NOTE: On 2nd February 2012 the Dail Public Accounts Committee (PAC) once again (for the 3rd time) returned to the issue of the Irish Red Cross. It seems the PAC has every intention of pursuing the Irish Red Cross over its highly questionable evidence presented at PAC hearing of 19th January 2012. The exact transcript from 2nd February PAC is transcribed below as well as the link to the Parliament's website with the wording:
On 19th January 2012 the Irish Red Cross was hauled over the coals by Ireland’s most senior parliamentary committee, the Public Accounts Committee (PAC). As readers of this blog will be familiar the reason for the Society’s appearance before the Committee is the extensive misgovernance and financial irregularities at the charity.
In the course of giving evidence representatives of the Irish Red Cross told untruths and misrepresented facts. The evidence and excuses provided left many observers including the members of parliament sitting on the PAC shocked, angered and bemused.
Those responsible must be held to account for the evidence and inaccuracies provided. They must also apologise publicly and on the record as well as stating why they told untruths and clarify whether they did so knowingly. If they did so unknowingly the people who provided them the inaccurate information need to be removed from the Society immediately. If on the other hand the Irish Red Cross representatives provided inaccurate information knowingly they must resign forthwith.
At least two individuals have already formally and on record written to the Public Accounts Committee challenging the evidence provided by the Society. Following a review of this correspondence the PAC decided to publish both letters on public record. The two letters are transcribed in full below and the links to their publication on the Dail/Oireachtas website are also provided.
The letter written by Noel Wardick, former Head of International at the Irish Red Cross has been forwarded by PAC to the Irish Red Cross. The PAC has requested a formal written response from the Society to Wardick’s letter. This response will be published by PAC in due course.
It is very important that the PAC continues to pursue and challenge the Irish Red Cross who seemed to be under the mistaken illusion that once the PAC hearing on the 19th January concluded the matter would be closed. The Public Accounts Committee obviously takes a very dim view of receiving inaccurate and untruthful information.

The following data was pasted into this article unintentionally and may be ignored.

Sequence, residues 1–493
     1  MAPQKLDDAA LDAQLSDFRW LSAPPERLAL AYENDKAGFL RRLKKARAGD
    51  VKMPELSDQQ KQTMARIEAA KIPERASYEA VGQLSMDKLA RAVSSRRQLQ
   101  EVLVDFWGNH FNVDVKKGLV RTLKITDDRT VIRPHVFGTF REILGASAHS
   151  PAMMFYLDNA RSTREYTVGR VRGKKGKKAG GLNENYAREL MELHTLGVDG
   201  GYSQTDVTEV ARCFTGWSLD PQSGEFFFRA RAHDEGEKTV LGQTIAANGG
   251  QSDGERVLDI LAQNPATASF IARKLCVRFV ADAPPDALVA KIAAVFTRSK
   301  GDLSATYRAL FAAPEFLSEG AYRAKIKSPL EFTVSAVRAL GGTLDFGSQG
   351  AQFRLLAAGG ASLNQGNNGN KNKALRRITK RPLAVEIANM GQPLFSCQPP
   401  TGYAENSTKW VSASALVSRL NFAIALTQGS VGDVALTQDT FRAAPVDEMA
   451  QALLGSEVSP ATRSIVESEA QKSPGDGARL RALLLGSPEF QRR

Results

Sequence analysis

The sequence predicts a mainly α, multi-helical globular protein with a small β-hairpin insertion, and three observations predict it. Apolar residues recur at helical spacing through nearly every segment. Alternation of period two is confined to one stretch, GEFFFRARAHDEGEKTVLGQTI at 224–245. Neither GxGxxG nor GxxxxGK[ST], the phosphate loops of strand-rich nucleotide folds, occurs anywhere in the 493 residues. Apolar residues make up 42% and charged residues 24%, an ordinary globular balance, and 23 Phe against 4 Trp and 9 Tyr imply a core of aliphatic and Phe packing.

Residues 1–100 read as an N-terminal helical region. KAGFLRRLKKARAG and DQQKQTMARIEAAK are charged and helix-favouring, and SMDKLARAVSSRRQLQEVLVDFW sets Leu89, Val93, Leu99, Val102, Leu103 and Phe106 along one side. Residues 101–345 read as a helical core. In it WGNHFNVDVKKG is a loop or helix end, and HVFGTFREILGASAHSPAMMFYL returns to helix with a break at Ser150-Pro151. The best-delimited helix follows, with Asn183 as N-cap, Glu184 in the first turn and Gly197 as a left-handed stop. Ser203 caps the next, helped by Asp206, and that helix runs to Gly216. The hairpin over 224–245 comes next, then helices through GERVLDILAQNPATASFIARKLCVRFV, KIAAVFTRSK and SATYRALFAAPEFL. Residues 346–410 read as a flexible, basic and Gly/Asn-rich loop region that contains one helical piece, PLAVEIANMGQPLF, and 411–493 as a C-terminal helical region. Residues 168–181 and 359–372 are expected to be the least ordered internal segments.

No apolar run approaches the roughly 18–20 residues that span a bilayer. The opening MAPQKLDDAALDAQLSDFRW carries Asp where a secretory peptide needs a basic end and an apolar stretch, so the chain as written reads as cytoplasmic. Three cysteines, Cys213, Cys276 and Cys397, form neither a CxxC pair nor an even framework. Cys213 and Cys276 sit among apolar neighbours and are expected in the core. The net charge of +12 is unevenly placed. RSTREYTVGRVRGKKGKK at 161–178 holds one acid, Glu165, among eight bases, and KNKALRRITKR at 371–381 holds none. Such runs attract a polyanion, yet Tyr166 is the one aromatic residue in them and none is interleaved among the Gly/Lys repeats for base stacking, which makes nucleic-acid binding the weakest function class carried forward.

The link to Noel Wardick’s published letter is:
The second letter to be published by PAC was written by Mr. Gerard Moyne, a current life member of the Irish Red Cross. Of particular note in Mr. Moyne’s letter is his assertion, contrary to what the Irish Red Cross has led us to believe, that is was not only not common practice for branches to open separate branch bank accounts for overseas appeals money but that such a practice was in fact frowned upon. Mr. Moyne claims that during his time as a Red Cross branch secretary overseas appeals monies were always expeditiously transferred directly to Irish Red Cross HQ in Dublin. The opposite happened in Tipperary where the national Vice Chairman, Anthony (Tony) Lawlor, was a bank account signatory. The link to Mr. Moyne’s letter is:
The full transcript of Wardick’s letter is as follows:
21st January 2012
Mr. John Mc Guinness, TD
Public Accounts Committee,
Public Accounts Committee Hearing into Irish Red Cross 19th January 2012
I watched the above hearing live on line and I can only describe my reaction to the statements and answers provided by the Irish Red Cross as one of shock, outrage and disgust.
The extent of misinformation and quite frankly untruths told is staggering. To do so on public record, in our national parliament and before elected representatives is astounding.
I believe great damage has been done to the image and reputation of the Red Cross, its emblem and everything it stands for. Based on what I witnessed at the hearing I greatly fear for the future, the integrity and the welfare of the Irish Red Cross.
Whether the Irish Red Cross representatives believed what they were saying to be accurate and true only they will ever know. Regardless it does not take away from the inaccuracy of very substantial parts of their evidence.
I intend to respond in detail to the statements and answers provided by the Red Cross representatives once the full transcript of the hearing becomes available. I will forward this to the Public Accounts Committee and the Department of Defence as a formal record.
In relation to one issue, however, I will record my view now. It is factually incorrect to say that when the Tipperary account was first discovered in 2008 that the then Head of Finance told nobody and that for a number of years no board member therefore knew about the account’s existence and/or discovery. In 2008 when the bank account was discovered at least three senior board members were informed. One of these subsequently resigned over the organisation’s failure to investigate the matter as well as other concerns the person had surrounding governance and finance. A fourth, the Vice Chairman who was one of the signatories on the Tipperary bank account, also obviously knew.
In addition to these board members the Secretary General of the Society at the time was immediately informed (2008). I am sure this can easily be verified by the individual who is currently a senior civil servant in the Department of Justice and Defence (he was on secondment to the Irish Red Cross as Secretary General at the time of the bank account’s discovery).